Does anyone do something similar? I know Biglime advocates ignoring that and just writing away, but I find that very difficult. I usually don't enter Writers Corner very often because I have trouble getting anything down, and even when I do I struggle to reach 1000 words - that's why the last one was a single paragraph.
I have the basic story in my head in rough paragraph form so I'm thinking of using the Snowflake method for a bit and seeing how things go.
Posted 07 January 2008 - 12:15 AM
Well, it used to be a nice exercise. I gave up writing just over two years ago after concluding the only piece of writing I've ever been satisfied with. A very short story, little more than 1,700 words and very telling of my age, written when I started experimenting with language (often at the expense of clarity) but I actually think (with all due modesty) it's a cracking little thing.
Everything else which followed disappointed and I mean really fucking disappointed me. I know every writer goes through phases of quiet disgust in their own work but it started to depress me that I couldn't match the standards I though I was capable of. Eventually I just gave up and every attempt to start again, what little there have been, just faded away.
Pity really. I hope you folk ain't like me. I really miss writing.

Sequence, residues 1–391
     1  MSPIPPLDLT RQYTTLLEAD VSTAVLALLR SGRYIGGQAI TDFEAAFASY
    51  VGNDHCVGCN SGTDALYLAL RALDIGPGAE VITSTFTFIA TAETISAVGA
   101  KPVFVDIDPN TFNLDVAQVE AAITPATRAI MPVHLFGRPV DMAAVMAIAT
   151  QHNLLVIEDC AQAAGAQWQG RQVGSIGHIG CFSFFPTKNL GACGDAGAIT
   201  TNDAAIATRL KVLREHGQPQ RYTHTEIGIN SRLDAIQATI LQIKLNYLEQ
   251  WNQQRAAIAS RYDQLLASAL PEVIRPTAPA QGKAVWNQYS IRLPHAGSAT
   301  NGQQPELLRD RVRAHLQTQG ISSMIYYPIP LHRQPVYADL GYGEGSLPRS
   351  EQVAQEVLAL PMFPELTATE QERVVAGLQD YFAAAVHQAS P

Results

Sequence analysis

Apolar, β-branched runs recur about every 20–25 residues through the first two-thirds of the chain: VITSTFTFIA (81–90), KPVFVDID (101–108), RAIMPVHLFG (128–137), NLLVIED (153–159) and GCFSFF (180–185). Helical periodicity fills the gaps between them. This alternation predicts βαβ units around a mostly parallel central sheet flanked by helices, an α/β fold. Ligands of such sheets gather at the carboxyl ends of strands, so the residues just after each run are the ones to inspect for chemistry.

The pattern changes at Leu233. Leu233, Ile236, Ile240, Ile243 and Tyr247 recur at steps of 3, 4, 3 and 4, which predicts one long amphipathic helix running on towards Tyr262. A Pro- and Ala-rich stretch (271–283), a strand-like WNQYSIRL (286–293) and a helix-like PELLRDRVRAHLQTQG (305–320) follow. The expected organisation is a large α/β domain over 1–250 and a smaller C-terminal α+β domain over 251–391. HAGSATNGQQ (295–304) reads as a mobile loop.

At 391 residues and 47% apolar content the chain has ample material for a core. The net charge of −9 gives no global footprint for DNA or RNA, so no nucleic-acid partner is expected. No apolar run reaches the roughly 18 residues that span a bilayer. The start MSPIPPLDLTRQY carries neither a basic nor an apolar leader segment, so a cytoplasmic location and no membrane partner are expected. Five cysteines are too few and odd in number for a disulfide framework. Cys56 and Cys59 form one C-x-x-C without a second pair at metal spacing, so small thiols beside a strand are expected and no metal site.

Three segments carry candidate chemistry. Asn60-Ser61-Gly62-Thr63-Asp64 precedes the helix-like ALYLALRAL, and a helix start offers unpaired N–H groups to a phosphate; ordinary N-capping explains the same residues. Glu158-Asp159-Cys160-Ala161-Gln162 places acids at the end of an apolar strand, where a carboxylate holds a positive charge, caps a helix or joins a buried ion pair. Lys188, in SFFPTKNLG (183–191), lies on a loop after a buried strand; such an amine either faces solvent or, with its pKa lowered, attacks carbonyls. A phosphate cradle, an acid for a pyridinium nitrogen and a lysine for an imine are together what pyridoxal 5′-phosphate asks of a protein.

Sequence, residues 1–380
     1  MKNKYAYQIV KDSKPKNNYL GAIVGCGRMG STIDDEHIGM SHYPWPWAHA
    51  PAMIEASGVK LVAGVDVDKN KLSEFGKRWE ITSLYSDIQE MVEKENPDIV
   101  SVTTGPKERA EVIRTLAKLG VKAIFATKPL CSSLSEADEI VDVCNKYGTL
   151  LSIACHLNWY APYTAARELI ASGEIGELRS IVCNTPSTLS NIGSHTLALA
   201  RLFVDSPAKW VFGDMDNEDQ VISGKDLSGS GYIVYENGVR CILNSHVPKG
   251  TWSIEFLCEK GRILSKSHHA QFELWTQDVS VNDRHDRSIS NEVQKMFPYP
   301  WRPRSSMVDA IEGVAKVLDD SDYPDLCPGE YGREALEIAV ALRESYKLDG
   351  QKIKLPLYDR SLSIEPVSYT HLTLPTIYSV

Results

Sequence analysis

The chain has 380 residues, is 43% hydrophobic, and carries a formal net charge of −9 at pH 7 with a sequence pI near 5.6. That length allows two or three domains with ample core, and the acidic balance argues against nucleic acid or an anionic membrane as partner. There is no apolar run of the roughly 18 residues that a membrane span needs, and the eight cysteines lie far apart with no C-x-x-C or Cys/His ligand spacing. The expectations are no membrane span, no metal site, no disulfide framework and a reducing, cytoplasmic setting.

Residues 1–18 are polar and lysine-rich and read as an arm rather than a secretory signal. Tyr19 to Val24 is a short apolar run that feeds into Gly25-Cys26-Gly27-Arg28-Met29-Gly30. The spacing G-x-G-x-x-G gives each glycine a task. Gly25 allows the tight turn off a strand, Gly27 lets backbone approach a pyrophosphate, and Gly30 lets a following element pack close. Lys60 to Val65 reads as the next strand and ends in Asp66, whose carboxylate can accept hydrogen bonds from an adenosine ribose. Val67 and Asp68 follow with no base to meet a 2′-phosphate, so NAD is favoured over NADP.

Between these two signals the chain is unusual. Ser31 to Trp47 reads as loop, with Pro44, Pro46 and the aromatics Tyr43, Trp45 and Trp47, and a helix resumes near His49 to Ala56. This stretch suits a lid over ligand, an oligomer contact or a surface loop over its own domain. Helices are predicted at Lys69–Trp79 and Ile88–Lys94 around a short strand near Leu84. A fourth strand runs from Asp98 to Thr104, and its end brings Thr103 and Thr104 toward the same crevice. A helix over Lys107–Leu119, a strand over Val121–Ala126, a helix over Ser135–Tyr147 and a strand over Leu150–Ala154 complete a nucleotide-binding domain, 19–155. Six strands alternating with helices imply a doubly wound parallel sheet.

Posted 07 January 2008 - 01:22 AM
What software are you lot using to write your novels?
I use Scrivener. Probably the best writing tool I've used. Absolutely great for keeping things organised. It's Mac only though.
As for my novel, a fantasy book, I've only got about 10000 words in the bag after 3 months. Been slacking a bit recently, so should get back into it. Not to be a killjoy, but I think it's highly unlikely any of us would ever get the first novel we send out, published. Even it was the best thing since sliced bread. I think publishers/agents want to see commitment as well as talent. I reckon you'd probably need three or four good novels under your belt before anyone gives you a sniff. I think the ones who get their first novel published are the lucky ones.
And after that downer, I still hope it all goes well for you, Eighthours.
Posted 07 January 2008 - 11:48 AM
Posted 07 January 2008 - 01:36 PM
Posted 07 January 2008 - 05:56 PM
Posted 07 January 2008 - 06:28 PM
Having said that, Christmas and the videogame explosion has scuppered my dystopian novels progress recently, but there's nothing like the depressing return to work and normality to get the old creative juices flowing.
Posted 07 January 2008 - 09:16 PM
University killed my will to write, but not my desire if that makes any sense, but I still keep coming up with story ideas. They donít stop, and have never been a problem. Telling them always has though.
This year I have a plan, and inspired from a trip to New York last October, the desire to write has never been stronger. All I need now is Will. And a little skill (so feel free to criticise, constructively I may add, the work I publish on this site). So the plan is to write no less that 1000 words each day which could be on anything and for anything (including posts like this) and no less than 10,000 each week (which I organise into a kind of magazine like document for my eyes only, with different sections like reviews, short stories and work I put into larger projects). The goal is to be ready for the 2008 Nanowrimo contest in November. Iím only two weeks into the new regime so far and I havenít been this geared to writing than I have for a long time.